Lord of the Sabbath
"For the Son of Man is Lord, even over the Sabbath!"
The Sabbath was ordained by God in creation. It's importance was codified in the Ten Commandments. God intended the Sabbath as a gift for human beings, and as a special duty and privilege for Israel. By the time of Jesus, however, some Jews had made Sabbath observance a matter of nit-picking legalities. The freedom and joy of Sabbath-keeping was lost in myriad oral laws that made it impossible for the average Jew to measure up.
Jesus clarified the purpose of the Sabbath by noting that it was a matter of God's mercy (v. 7). Thus, if a person was hungry on the Sabbath, it wasn't wrong for that person to eat a few grains from a field. More significantly, Jesus clarified his authority over the Sabbath as "the Son of Man" (v. 8). "Son of Man" was a messianic title Jesus often used for himself. It suggested his central role in the coming of God's kingdom.
Christians have rightly understood that Jesus overturned a legalistic, merciless keeping of the Sabbath. But, in recent times, we have wrongly neglected God's gift of Sabbath. Few Christians actually set apart regular time in their week for rest. Jesus, the Lord of the Sabbath, offers to each of us the refreshment of frequent, recurring rest. The exact time of week doesn't matter. But God has created us for weekly rest, and most people I know desperately need to unwrap the gift of the Sabbath.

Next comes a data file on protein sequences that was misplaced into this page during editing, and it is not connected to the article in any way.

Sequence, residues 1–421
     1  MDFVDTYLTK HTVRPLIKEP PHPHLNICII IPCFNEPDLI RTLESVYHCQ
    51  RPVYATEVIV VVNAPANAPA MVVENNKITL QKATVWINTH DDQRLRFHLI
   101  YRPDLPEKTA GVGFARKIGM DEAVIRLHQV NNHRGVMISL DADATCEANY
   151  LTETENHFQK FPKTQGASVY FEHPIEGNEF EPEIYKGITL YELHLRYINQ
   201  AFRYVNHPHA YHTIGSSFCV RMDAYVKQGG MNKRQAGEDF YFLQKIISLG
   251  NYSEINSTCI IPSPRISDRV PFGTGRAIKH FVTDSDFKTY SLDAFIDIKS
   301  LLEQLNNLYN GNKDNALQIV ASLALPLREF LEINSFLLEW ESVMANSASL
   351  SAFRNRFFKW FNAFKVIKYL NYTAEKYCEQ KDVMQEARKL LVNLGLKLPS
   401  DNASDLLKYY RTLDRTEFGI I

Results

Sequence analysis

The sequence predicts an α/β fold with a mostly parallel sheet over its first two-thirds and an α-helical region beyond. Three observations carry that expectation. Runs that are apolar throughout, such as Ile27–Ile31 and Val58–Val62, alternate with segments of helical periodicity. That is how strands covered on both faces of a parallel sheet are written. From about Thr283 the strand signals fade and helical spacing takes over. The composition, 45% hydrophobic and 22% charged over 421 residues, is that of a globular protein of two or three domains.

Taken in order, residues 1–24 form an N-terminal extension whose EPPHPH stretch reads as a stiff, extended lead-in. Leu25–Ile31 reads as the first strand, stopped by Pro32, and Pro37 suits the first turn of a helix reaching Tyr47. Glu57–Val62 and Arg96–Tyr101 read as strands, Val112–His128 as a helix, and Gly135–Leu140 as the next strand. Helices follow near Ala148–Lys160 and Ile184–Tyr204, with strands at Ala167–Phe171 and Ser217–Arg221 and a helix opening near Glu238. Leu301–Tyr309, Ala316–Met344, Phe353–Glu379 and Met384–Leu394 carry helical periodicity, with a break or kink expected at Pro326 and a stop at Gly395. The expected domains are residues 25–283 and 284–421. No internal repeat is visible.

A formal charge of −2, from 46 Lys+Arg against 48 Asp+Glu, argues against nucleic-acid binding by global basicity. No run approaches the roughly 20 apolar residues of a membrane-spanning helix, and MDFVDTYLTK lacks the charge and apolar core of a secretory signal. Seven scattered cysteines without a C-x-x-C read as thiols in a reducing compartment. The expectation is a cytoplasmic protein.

QUESTIONS FOR REFLECTION: Do you set aside regular time each week for intentional rest? Why or why not? Have you ever experienced the joy of Sabbath rest in your life?
PRAYER: Lord of the Sabbath, you have the authority to decide what should or should not happen on the Sabbath. And by your own actions, you have made it clear that the Sabbath is a day for healing, for prayer, for fellowship, and for receiving your mercy afresh. Thank you for the gift of Sabbath!
But you know, Lord, that many of us are uncertain about the Sabbath. In fact, we often don't even think about it. There is so much we need to learn. So we ask you to teach us the true meaning of the Sabbath. Help us discover how we can enjoy your gift of Sabbath today, without getting caught in a smothering legalism. May we experience the Sabbath as an occasion of mercy, as a day permeated by your grace. Amen.